Scena Theatre Revives "Salome" for an American Audience
Where does the time go.
Scena Theatre, under its artistic director and founder Robert McNamara, is winding up for its 25th season, now ensconced in its current digs at the Atlas Performing Arts Center on the H Street NE corridor with a production of Oscar Wilde’s eccentric, stylized and scandalizing version of “Salome.”
Looking at this production, which McNamara directed, populated with what seems like a patchwork map of local theater history, you can be excused, if you were around at the beginning of this quarter-century stretch, that very little has changed. McNamara and Scena Thaetre are still the masters of the rarely-if-ever seen, the theatrical road not taken, the Vasco de Gamas of theatrical exploration.
Things don’t always go just right at the often vagabond Scena family, but we can thank McNamara and company for bringing us works rarely performed otherwise in Washington over the years. He gives us Greek tragedies, contemporary Easter European plays, rising young Irish actors, and a borderline obsessive string of Samuel Beckett works (thank you so much). There are also the lesser known entities for Us audiences, such as the recurring presence of Stephen Berkoff’s plays, a powerful presentation of “The Persians” in the Tivoli Theater complete with actual thunder, the audacious “Mein Kampf” by George Tabori about a young Adolf Hitler, and even a recreation of Orson Welles’ radio play “The War of the Worlds” (at the DCAC).
The 25th anniversary season seemed—except for “Salome”—almost typical: a production of Anthony Burgess’ “A Clockwork Orange”, a Berkoff adaptation of Franz Kafka’s “Metamorhosis,” and “Shining City” by one of the current top dog lads of Irish writing, Conor McPherson.
“Salome” is different for Scena in the sense that Wilde’s work—his popular comedies—is not a staple of the Scena iconography. But then “Salome” is very wild Wilde—if it’s anything, it’s in cahoots with the Strauss opera, it has the sulfurous odor of scandal and sweet, and the sexual extravagance that trails Wilde’s latter-day downfall like a cacophonous, witchy lament.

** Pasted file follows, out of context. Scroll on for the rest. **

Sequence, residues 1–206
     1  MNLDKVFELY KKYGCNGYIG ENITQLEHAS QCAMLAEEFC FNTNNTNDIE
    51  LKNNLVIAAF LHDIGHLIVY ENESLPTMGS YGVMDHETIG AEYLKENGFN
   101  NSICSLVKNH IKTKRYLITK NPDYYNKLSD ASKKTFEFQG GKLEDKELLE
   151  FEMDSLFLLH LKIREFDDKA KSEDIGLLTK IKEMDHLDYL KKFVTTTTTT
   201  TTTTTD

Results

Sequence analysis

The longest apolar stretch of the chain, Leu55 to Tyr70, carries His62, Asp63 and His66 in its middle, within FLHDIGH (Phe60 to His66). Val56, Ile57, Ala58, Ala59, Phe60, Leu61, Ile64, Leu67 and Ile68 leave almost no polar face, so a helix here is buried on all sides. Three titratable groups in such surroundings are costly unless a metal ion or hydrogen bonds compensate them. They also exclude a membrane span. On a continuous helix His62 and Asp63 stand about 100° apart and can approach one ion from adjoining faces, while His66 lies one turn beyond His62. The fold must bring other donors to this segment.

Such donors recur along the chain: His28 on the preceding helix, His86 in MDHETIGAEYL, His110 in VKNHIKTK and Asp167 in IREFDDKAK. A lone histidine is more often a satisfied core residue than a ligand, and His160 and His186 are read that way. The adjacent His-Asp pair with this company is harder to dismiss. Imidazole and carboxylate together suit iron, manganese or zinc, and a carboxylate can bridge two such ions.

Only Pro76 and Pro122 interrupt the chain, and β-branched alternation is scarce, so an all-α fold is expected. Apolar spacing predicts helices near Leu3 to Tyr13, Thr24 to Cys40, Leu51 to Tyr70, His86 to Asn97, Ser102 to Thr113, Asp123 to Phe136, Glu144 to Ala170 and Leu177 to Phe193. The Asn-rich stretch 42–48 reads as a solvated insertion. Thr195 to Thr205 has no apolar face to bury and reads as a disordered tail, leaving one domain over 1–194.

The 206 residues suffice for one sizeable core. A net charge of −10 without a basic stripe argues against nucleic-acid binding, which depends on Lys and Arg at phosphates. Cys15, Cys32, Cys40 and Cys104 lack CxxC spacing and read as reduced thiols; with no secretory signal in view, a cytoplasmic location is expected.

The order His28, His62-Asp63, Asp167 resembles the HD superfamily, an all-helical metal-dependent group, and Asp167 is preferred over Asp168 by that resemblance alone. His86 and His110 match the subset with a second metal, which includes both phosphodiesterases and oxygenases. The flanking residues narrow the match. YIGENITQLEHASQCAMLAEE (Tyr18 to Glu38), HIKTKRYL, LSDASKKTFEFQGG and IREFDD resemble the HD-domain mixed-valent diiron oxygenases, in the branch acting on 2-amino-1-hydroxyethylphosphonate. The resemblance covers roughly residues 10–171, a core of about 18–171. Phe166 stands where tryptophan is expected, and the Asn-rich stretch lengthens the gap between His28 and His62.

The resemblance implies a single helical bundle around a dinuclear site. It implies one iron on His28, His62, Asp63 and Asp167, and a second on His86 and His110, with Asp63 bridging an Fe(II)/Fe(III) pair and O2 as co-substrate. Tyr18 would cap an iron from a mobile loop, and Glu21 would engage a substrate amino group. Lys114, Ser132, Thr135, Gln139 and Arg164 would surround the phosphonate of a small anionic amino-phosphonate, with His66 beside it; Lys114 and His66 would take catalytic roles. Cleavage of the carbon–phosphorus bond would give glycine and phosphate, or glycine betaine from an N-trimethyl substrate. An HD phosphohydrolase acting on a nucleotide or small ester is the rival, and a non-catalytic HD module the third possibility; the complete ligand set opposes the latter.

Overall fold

What McNamara has done with it results in an evocation of another time and place, and a sort of mash of theatrical styles. It’s biblical with the presence of the man in the pit—the bleary-eyed imprisoned prophet Iokanaan (John the Baptist) and the overheated story of Herod, who lusts after his daughter Salome with tragic results. The play made its murky, painful debut in 1893—written in French no less and promptly censored by the Victorians, for whom the charming Irishman Wilde was both an affront and a chief wit, while ultimately and finally a debauched victim.
But McNamara, instead of looking too far back, evokes the Roaring Twenties of Gatsby and America, as courtiers dressed in tuxedos and clingy gowns make metaphorical, almost sing-song comments coming from faces painted white, appearing like mimes who memorized speaking.
There are courtiers, Romans, and a young Syrian, who is infatuated with the languidly draped Salome, played with an overpowering petulance by Irina Koval, who often performs with the stylized (and mosty silent) Synetic Theater Company. At the center front it all is the prophet, prophesying with a passion that has its own ardor, elevating death and rejecting the flesh offered with insistence by Salome, who has her own, simpler obsession. “I would kiss your lips, and I will,” she insists to the prophet, who shuns her.
In walks Herod and his wife Herodias, his eyes ablaze with want and desire, his manner seemingly casual, his ardor for himself and his desires always to the fore. He wants Salome. “You look at her too much,” Herodias says, often and with contempt. But want is want. He says “Dance,” and finally she gives in, but with a price: “I want the head of Iokanaan,” she says.
Herod fears the prophet, fears his death so much so that in a remarkable speech, really an inventory of his heart’s desires fulfilled, he tells her everything he would give her, except that damned head. Brian Hemmingson, a heavy man, turns that speech into a spillage, a kind of aria of imagined desires—“I have a hundred, rare pheasants, the last of them I’ll give them to you.”
Hemmingsen has a history not only with Scena, but the late Horizons Theater, the Washington Shakespeare Theatre, and has graced Washington stages for decades, often with his talented wife Nanna Ingvarsson. He is a deceptively gifted actor who can startle with the power of his voice and the variety of his movement. This is (no pun) a crowning achievement of a mad, supremely avaricious, reckless king.
Hemmingsen, the tart-voice Rena Cherry Brown as his wife, Koval and the remarkable Joseph Carlson as the prophet, dominate the stage when they need to. But there’s also time to appreciate the chorus and Tony Strowd as the young Syrian smitten with Herod, making his use of the word “princess” sing.
In the end, “Salome” is Scena’s 25th Anniversary gift to Washington theatre.